Welding is a fabrication or sculptural process that joins materials, usually metals or thermoplastics, by causing coalescence. This is often done by melting the work pieces and adding a filler material to form a pool of molten material (the weld pool) that cools to become a strong joint, with pressure sometimes used in conjunction with heat, or by itself, to produce the weld. This is in contrast with soldering and brazing, which involve melting a lower-melting-point material between the work pieces to form a bond between them, without melting the work pieces.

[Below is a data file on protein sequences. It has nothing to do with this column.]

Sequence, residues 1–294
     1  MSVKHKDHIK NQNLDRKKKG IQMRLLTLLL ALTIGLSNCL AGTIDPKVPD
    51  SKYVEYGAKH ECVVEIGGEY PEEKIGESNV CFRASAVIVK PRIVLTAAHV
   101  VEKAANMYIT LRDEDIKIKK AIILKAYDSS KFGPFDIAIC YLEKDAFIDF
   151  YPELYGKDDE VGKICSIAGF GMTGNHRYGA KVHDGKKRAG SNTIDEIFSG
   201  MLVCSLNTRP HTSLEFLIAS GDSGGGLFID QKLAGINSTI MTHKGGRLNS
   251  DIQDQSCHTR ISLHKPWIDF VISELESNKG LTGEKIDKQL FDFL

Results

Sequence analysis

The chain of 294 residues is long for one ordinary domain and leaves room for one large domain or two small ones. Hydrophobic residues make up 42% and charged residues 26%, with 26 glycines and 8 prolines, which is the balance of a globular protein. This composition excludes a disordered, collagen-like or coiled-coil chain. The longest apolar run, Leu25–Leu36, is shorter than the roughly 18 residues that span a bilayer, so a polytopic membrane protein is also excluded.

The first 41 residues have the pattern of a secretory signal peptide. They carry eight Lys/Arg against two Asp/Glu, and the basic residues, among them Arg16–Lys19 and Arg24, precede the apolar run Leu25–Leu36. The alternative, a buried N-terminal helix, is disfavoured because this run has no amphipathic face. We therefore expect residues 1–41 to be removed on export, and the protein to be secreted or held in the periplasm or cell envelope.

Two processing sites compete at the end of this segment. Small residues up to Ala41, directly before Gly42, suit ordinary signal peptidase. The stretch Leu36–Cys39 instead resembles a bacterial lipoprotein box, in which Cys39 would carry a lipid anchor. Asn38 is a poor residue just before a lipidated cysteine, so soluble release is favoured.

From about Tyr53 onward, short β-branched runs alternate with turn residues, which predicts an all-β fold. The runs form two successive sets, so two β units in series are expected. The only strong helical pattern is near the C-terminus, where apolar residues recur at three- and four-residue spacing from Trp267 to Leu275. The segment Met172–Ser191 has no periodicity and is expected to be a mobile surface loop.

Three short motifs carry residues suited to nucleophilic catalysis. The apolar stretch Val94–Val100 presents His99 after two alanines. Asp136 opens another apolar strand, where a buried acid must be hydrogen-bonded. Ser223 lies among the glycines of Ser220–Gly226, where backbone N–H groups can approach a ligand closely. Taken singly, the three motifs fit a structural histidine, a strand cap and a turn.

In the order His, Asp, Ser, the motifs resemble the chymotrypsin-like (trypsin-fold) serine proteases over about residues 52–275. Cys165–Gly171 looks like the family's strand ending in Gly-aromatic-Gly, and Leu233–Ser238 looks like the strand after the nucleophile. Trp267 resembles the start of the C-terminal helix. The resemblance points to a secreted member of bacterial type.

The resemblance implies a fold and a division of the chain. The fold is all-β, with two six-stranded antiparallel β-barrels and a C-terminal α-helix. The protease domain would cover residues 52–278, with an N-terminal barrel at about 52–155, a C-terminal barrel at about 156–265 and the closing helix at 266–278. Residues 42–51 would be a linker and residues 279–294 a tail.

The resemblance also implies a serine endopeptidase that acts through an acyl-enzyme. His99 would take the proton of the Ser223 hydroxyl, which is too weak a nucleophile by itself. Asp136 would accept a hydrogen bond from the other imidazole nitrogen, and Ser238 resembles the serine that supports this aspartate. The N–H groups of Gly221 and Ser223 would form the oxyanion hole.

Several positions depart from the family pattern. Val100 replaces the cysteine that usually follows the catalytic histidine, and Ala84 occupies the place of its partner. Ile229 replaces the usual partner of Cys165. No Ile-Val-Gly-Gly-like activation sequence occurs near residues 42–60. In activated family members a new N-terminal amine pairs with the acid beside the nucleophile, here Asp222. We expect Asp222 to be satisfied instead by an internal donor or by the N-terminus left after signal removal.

Many different energy sources can be used for welding, including a gas flame, an electric arc, alaser, an electron beam, friction, and ultrasound. While often an industrial process, welding can be done in many different environments, including open air, under water and in outer space. Regardless of location, welding remains dangerous, and precautions are taken to avoid burns, electric shock, eye damage, poisonous fumes, and overexposure to ultraviolet light.